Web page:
Based on the Paper from group 2, on Chile’s Public Diplomacy approaches I have learned that Chile has a relatively stable public diplomacy strategy, on which it is continuously building upon.
The ProChile program seems to be a valuable initiative to attract FDI and improve Chile’s international economic image. It has received criticism from other Latin American countries, for not addressing inter-Latin-American relations, however, my question would be, is it intended for Latin American audiences, or does it have a wider scope? I can imagine that ProChile targets international investors from the most developed countries, and serves on a wide unspecialized manner.
FICH on the other hand offers a wider range of diplomacy approaches. While ProChile is based on economic diplomacy, FICH tackles commercial, cultural and political exchange. FICH as well seems to have a stable foundation, based on the four pillars of Chile’s nation brand. “Chile hace bien”, which means both “Chile is good for you” and “Chile does things well” is a very good slogan, especially for the Spanish speaking audiences.
I also agree with the recommendations of Group 2. I was particularly fond of the education exchange programs recommendation and the gastrodiplomacy initiative, as I believe both of those approaches to be very effective, and as Group 2 has laid out in their paper, have proven success for countries that have applied them.
Good job Group 2!
Traditionally PD was not measured for its impact, which resulted in the increase of demand for measurement and evaluation of PD programs and projects. In the lack of an evaluation history, current academics and practitioners are struggling to find ways in which PD can be measured, to create baseline data which to be used as reference points and comparison now and in the future. Measurement and evaluation are especially important, considering that PD is not only about opinion, but also about social impact and action (or non-action, e.g. ISIS example).
There are several positive and negative consequences tied to the increased demand for PD measurement and evaluation (M&E). On the positive side, as Banks has mentioned in his 2011 paper, M&E will contribute greatly to improved PD – among others, in terms of allocation of resources; best practices; motivation for further improvement; honest insight of PD achievements and expectations; and offering an alternative to hard power.
The increased demand for PD M&E also has a few negative consequences. With practitioners trying to meet the M&E standards and requests in order to justify their spending requests, more and more PD programs are being designed in order to be measured (and most probably result in success stories). While designing for measurement is exactly what PD needs, the most crucial factor in PD should not be measurability, but rather effect or impact. It is not easy to design a PD program which serves its aim and is able to prove its effect. With regards to this, Banks has also laid out the ‘dirty dozen’, or challenges of M&E for PD. Banks M&E challenges list, among others, includes the high costs of M&E; the threats of continuity linked to changes of staff; the growing emphasis on multilateral partnerships, which make it harder to define the source of impact; as well as the confusion between output and outcome M&E models; to mention some.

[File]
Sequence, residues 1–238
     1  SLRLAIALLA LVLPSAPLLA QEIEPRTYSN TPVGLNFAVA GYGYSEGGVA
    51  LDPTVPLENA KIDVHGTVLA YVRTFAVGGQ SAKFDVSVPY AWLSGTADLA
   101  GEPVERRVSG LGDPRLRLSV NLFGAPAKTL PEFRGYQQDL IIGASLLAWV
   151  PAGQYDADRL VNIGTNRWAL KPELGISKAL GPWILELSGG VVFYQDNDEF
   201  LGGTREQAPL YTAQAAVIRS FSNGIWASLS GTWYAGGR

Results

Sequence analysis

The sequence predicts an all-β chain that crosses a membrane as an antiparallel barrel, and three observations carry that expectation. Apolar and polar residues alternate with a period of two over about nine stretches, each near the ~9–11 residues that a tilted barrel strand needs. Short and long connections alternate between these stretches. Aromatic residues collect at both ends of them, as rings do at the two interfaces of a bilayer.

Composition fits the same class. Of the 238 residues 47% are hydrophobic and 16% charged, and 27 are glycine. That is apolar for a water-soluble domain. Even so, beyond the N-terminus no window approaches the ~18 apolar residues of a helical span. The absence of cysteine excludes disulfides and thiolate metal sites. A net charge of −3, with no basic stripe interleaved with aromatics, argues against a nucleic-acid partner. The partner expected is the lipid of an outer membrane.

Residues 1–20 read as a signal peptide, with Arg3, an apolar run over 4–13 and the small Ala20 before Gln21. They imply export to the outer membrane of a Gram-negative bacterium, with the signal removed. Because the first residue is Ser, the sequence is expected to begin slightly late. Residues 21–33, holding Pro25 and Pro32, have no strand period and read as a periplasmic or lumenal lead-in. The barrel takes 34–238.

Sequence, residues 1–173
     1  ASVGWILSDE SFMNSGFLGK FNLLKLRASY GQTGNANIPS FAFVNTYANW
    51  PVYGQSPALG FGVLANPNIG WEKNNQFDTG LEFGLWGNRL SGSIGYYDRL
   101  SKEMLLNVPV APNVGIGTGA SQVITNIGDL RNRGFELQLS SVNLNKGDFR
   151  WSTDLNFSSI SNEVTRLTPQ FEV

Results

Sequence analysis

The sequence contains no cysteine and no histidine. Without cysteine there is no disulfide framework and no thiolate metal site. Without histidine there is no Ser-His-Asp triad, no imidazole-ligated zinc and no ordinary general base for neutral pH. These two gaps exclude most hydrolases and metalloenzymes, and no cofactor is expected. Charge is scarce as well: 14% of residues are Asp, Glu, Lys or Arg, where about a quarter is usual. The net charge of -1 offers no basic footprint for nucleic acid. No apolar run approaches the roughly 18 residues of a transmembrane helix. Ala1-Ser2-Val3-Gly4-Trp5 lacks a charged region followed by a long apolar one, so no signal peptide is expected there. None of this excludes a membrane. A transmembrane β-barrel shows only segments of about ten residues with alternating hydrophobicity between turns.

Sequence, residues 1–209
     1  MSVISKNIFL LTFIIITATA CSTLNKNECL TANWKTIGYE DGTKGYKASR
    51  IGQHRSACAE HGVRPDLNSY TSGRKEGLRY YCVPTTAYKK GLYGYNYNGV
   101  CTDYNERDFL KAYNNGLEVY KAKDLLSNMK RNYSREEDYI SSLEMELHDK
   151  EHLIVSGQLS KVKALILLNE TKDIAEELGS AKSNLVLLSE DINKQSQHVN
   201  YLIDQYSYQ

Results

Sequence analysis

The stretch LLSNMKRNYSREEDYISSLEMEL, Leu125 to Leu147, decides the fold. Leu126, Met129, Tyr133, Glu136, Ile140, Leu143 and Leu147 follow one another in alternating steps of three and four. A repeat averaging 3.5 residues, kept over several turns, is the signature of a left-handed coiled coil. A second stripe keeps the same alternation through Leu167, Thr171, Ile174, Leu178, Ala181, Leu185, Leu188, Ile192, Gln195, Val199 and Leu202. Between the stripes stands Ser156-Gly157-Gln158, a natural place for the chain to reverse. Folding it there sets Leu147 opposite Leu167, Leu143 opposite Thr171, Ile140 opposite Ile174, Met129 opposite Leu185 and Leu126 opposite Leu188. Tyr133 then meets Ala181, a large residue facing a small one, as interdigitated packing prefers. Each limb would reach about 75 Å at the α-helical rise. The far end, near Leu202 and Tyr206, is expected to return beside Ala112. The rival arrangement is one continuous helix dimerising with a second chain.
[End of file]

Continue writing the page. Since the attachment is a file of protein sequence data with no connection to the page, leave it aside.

I think that the process of adopting regular M&E processes in PD is hardest now, in the phase where it is being properly established. The increased demand for M&E has its positive and negative consequences, out of all of which there is plenty to learn and apply, in order to create a good M&E basis for PD in the future.
Public diplomacy officers are governmental representatives to foreign audiences. Their key functions are to serve as mediators between their government (say US) and the local policies and public opinion. As Rugh states in Chapter 2 on Diplomacy Professionals, “they devote their major efforts to communications programs, and using soft power to develop mutual understand and win hearts and minds”. Thus public diplomacy officers are a human medium to represent US values, viewpoints and ideas abroad, while maintaining likeability from local audiences.
The question whether PDOs should speak their minds is very easy, once the officer personally agrees with any given US policy or action, and in that case, they should speak their minds, and by doing so persuading local audiences to follow their logic and build trust. In Chapter 4 Rugh emphasizes the importance of PDOs to be honest and truthful, as it is a crucial fundament of creating a sustainable relationship to the local public and networking circles. However, Rugh specifies that in case the PDO does not personally agree with certain US policy or action, they should refrain from criticizing US institutions and actions. Rugh does not encourage lying, but suggests the PDO refuses to answer to personal opinion questions in those cases.
I agree and would encourage that PDOs should speak their minds when their opinion is aligned with the US policies they are supposed to represent, especially when they see an opportunity to persuade local audiences towards such opinions. In the contrary case, PDOs must be very careful not to contradict US policies, even if it is done by silence, in refusing to comment. In certain situations silence indicates more than words could. These situations also make the experience and training of PDOs very important, since they often have to act upon their own discretion.